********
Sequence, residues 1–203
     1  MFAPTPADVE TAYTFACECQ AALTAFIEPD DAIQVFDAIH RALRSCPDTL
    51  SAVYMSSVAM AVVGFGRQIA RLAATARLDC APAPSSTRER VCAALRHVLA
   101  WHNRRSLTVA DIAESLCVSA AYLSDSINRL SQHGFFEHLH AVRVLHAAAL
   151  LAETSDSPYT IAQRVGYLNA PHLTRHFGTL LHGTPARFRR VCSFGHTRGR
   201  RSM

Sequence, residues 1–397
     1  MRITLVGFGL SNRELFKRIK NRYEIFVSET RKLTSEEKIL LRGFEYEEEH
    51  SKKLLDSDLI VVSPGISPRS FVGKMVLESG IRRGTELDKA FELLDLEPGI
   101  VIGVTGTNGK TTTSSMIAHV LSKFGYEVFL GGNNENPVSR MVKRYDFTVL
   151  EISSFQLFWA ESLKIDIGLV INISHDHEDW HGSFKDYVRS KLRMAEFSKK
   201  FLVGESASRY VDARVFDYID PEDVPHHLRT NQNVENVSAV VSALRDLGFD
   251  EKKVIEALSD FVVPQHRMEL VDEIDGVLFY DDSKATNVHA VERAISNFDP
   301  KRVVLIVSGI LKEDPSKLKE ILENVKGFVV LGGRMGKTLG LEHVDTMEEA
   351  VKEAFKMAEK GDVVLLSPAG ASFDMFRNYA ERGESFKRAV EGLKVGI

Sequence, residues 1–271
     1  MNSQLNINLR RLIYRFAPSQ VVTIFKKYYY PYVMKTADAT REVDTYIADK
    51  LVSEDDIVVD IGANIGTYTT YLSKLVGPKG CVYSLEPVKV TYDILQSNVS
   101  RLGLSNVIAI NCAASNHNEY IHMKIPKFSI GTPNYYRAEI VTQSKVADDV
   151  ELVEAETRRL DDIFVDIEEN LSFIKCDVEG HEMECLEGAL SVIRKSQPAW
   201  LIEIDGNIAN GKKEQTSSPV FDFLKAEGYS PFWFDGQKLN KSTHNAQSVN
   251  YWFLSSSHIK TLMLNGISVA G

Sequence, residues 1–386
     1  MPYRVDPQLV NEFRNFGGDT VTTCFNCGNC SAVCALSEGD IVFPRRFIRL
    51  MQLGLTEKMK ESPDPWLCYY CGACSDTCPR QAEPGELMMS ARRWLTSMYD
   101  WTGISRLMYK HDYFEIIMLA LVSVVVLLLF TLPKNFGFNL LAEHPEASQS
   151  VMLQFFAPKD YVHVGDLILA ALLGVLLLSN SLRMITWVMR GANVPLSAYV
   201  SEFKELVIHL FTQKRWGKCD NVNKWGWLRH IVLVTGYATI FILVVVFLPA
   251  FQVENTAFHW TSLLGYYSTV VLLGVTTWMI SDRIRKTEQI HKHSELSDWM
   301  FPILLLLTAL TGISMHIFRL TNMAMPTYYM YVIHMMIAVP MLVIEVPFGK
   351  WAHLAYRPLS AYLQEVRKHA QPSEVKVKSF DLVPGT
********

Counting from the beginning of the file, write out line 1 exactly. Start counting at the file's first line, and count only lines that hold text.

Sequence, residues 1–203